TL;DR: Kirshenblatt-Gimblett as mentioned in this paper explores the agency of display in a variety of settings: museums, festivals, world's fairs, historical re-creations, memorials, and tourist attractions.
Abstract: "Destination Culture" takes the reader on an eye-opening journey from ethnological artifacts to kitsch. Posing the question, 'What does it mean to show?' Barbara Kirshenblatt-Gimblett explores the agency of display in a variety of settings: museums, festivals, world's fairs, historical re-creations, memorials, and tourist attractions. She talks about how objects - and people - are made to 'perform' their meaning for us by the very fact of being collected and exhibited, and about how specific techniques of display, not just the things shown, convey powerful messages. Her engaging analysis shows how museums compete with tourism in the production of 'heritage'. To make themselves profitable, museums are marketing themselves as tourist attractions. To make locations into destinations, tourism is staging the world as a museum of itself. Both promise to deliver heritage. Although heritage is marketed as something old, she argues that heritage is actually a new mode of cultural production that gives a second life to dying ways of life, economies, and places. The book concludes with a lively commentary on the 'good taste/bad taste' debate in the ephemeral 'museum of the life world,' where everyone is a curator of sorts and the process of converting life into heritage begins.
University of Arizona1, University of Natural Resources and Life Sciences, Vienna2, Resources For The Future3, University of British Columbia4, Portland State University5, Stockholm University6, University of Illinois at Urbana–Champaign7, United States Department of Agriculture8, École Polytechnique Fédérale de Lausanne9, Indiana University10, University of Oregon11, University of East Anglia12, Ukrainian National Forestry University13, VU University Amsterdam14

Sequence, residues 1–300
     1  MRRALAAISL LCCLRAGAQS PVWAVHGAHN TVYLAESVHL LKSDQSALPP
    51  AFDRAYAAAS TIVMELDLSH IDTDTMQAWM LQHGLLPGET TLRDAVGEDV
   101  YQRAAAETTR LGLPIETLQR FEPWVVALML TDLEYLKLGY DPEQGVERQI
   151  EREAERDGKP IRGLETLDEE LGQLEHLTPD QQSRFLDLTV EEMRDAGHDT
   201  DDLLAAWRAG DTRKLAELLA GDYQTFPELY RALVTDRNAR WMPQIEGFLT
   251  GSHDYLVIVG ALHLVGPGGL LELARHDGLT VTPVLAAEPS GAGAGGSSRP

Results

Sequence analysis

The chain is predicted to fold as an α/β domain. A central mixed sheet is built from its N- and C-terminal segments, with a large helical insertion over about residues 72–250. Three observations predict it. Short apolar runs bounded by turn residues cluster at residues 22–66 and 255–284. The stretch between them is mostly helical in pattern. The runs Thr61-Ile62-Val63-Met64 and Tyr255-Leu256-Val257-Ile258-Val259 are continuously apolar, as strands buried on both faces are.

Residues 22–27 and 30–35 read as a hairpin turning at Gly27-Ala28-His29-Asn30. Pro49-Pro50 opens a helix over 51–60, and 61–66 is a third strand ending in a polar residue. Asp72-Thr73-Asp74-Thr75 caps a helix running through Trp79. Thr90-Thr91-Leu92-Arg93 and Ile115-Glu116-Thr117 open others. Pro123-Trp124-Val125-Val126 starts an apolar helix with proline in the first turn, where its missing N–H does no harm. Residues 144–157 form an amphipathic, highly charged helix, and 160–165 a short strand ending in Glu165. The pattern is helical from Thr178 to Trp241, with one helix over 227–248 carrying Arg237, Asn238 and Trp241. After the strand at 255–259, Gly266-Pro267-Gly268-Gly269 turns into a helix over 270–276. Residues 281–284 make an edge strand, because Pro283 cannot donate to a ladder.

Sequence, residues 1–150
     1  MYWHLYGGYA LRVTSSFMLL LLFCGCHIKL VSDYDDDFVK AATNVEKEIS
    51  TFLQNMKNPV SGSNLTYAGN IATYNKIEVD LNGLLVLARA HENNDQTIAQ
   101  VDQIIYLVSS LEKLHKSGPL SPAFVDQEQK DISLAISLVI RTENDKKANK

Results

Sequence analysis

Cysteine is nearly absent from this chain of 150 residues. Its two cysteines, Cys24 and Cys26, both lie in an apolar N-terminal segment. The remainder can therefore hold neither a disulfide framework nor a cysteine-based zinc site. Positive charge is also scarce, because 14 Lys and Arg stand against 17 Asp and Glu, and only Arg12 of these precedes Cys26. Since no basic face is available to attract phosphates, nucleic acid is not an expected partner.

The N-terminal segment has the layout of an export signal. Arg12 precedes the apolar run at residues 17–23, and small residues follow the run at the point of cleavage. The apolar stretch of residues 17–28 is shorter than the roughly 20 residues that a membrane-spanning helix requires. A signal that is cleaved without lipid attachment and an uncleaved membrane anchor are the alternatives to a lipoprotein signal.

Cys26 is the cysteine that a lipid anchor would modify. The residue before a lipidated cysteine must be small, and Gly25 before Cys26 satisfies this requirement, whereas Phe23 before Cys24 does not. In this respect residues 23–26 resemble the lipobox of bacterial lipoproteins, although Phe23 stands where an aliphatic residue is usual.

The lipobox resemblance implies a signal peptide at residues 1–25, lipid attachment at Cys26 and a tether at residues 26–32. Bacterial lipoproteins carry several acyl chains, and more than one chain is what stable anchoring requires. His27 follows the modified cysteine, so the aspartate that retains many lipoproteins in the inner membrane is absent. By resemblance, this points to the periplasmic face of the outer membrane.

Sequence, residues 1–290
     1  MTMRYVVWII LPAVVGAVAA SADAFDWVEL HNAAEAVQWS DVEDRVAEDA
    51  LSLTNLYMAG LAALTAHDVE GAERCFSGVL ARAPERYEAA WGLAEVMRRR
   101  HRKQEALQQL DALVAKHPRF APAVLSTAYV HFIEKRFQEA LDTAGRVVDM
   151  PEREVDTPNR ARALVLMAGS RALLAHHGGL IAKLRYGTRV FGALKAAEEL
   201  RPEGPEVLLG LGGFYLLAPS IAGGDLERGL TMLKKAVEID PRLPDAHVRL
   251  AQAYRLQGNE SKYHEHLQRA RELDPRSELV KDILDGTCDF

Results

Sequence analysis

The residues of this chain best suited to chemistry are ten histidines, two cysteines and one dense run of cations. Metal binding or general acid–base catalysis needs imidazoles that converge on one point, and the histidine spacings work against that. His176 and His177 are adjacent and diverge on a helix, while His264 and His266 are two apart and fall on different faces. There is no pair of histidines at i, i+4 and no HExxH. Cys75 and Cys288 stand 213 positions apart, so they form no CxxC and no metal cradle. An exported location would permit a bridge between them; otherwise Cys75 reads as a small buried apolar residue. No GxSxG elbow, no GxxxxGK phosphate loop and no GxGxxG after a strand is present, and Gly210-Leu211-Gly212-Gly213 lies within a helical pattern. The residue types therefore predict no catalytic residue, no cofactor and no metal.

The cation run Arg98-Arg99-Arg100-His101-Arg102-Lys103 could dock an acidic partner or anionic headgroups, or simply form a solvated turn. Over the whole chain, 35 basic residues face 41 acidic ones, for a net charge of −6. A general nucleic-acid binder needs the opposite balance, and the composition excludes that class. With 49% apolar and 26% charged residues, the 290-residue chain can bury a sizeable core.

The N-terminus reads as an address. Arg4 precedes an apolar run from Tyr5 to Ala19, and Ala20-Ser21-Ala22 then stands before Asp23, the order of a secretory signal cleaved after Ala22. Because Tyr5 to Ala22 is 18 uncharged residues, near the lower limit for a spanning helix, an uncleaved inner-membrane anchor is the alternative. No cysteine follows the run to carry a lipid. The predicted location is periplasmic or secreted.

TL;DR: A common representation is offered that frames cultural services, along with all ES, by the relative contribution of relevant ecological structures and functions and by applicable social evaluation approaches, which provides a foundation for merging ecological and social science epistemologies to define and integrate cultural services better within the broader ES framework.
Abstract: Cultural ecosystem services (ES) are consistently recognized but not yet adequately defined or integrated within the ES framework. A substantial body of models, methods, and data relevant to cultural services has been developed within the social and behavioral sciences before and outside of the ES approach. A selective review of work in landscape aesthetics, cultural heritage, outdoor recreation, and spiritual significance demonstrates opportunities for operationally defining cultural services in terms of socioecological models, consistent with the larger set of ES. Such models explicitly link ecological structures and functions with cultural values and benefits, facilitating communication between scientists and stakeholders and enabling economic, multicriterion, deliberative evaluation and other methods that can clarify tradeoffs and synergies involving cultural ES. Based on this approach, a common representation is offered that frames cultural services, along with all ES, by the relative contribution of relevant ecological structures and functions and by applicable social evaluation approaches. This perspective provides a foundation for merging ecological and social science epistemologies to define and integrate cultural services better within the broader ES framework.